Archive for the 'A-Team, The' Category

The A-Team Grenade Toss (Placo Toys, 1983)

A-Team Grenade Toss 1983

Boom.

The A-Team M-24 Assault Rifle Target Game Set (Arco, 1983)

A-Team Rifle 1983

A-Team Rifle 1983-2

A-Team Rifle 1983-3

From a 1985 The Day story on ‘aggressive fantasies’:

Sales of action figures and accessories brought more than $620 million last year… Toy gun sales accounted for $64 million…

`When I was young, it was army men and cowboys and Indians. I think the format for fantasies has changed,’ said John Pedesco, chief psychologist at the Child Guidance Center in Des Moines, Iowa. `It’s become more space and surrealistic, but the nature of the play has not changed…’

‘I think we have one of the more violent societies existing today,’ said Pedesco. ‘If we’re going to look at where it (aggressive play) comes from, it doesn’t happen in a vacuum.’

Mr. T Pencil Top Eraser (Diener Industries, 1984)

Diener Mr. T 1984

Wow. That’s one mean eraser.

1984 Daisy Toys Catalog: The A-Team and Hardcastle and McCormick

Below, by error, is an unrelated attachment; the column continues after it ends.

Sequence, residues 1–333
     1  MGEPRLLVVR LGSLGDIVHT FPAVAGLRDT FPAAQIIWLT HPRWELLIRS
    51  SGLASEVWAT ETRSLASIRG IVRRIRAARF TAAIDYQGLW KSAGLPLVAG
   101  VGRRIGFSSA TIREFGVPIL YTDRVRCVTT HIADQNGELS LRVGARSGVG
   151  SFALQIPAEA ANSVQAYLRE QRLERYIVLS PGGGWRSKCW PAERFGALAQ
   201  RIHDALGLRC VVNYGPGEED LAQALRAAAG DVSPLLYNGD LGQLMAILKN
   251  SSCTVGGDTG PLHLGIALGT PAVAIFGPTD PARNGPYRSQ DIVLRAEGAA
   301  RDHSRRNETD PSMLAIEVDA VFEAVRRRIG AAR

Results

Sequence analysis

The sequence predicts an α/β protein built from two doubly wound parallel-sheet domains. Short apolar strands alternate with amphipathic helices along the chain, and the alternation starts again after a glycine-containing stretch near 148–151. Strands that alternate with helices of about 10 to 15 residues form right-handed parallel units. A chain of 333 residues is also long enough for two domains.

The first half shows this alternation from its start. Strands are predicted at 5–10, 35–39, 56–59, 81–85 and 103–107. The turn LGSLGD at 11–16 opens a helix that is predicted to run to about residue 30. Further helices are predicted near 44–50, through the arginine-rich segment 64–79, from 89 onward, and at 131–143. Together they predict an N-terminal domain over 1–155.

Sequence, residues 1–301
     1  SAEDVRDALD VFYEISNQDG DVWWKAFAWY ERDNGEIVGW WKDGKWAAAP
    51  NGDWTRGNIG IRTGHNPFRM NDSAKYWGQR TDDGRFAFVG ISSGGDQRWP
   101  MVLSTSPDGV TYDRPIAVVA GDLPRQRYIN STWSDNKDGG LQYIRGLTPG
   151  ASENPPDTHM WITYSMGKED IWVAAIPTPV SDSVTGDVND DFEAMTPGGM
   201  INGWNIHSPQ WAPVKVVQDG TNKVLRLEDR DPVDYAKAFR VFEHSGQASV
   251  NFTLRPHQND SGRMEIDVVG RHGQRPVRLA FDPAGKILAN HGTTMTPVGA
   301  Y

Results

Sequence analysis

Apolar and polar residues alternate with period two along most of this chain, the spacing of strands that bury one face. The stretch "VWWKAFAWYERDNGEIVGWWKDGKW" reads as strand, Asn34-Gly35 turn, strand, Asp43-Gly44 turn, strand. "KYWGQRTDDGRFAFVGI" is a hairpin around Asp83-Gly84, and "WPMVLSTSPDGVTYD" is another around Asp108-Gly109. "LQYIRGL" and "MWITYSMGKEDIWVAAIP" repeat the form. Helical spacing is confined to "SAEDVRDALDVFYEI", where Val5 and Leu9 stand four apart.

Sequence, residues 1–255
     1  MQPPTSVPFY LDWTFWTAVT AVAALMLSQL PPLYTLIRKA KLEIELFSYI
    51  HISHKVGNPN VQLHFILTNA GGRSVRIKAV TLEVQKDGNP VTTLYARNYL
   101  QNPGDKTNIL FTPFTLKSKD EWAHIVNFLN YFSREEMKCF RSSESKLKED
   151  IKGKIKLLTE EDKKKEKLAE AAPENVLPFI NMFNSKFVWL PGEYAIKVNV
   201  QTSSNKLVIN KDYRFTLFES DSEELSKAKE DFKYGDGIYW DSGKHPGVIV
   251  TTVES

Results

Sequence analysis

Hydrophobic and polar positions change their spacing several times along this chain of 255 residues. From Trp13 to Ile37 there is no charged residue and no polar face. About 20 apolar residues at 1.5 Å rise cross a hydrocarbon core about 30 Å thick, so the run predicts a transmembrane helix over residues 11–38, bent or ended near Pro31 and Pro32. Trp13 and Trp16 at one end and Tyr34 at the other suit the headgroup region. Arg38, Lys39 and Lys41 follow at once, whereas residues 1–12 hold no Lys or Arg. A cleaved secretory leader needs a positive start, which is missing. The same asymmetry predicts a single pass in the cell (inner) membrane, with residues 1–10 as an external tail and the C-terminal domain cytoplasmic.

Daisy 1984

Daisy 1984-2

Daisy 1984-3

Daisy 1984-4

I talked about war toys. What about toy guns? We played guns a lot when I was a kid. We’d split up into teams and play in the hills, or we’d play in the house: the bad guy would hide upstairs and the good guys would try to sneak up and blast him before he blasted them. Identifying the “winner” was always problematic—“I got you, sucker. You’re toast.” “No way. I got you!”

The funniest thing about The A-Team, of course, was that tens of thousands of bullets were fired, but nobody ever died. Same with the G.I. Joe cartoon. Hardcastle and McCormick (1983 – 1986) was a small scale Mod Squad: A retired judge gets a car thief out of jail under the condition that the car thief helps the judge nail the criminals he was forced to free on technicalities.

Both shows represent a quintessential ’80s narrative: (1) the American legal system is irreparably broken, (2) traditional law enforcement is ineffective and/or corrupt, and (3) justice depends on reluctant-but-righteous vigilantes who live on the fringes of the society they are morally driven to protect.

After a number of fatal shootings, “realistic-looking” toy guns were banned in Los Angeles and New York in 1987. In 1988, Congress passed a law requiring that all toy guns “be identified with a `blaze orange’ tip over the gun’s nozzle.” The law is easily gotten around today.

More on this subject tomorrow.

(Images via eBay)


Pages

Archives

Categories

Donate Button

Join 1,040 other followers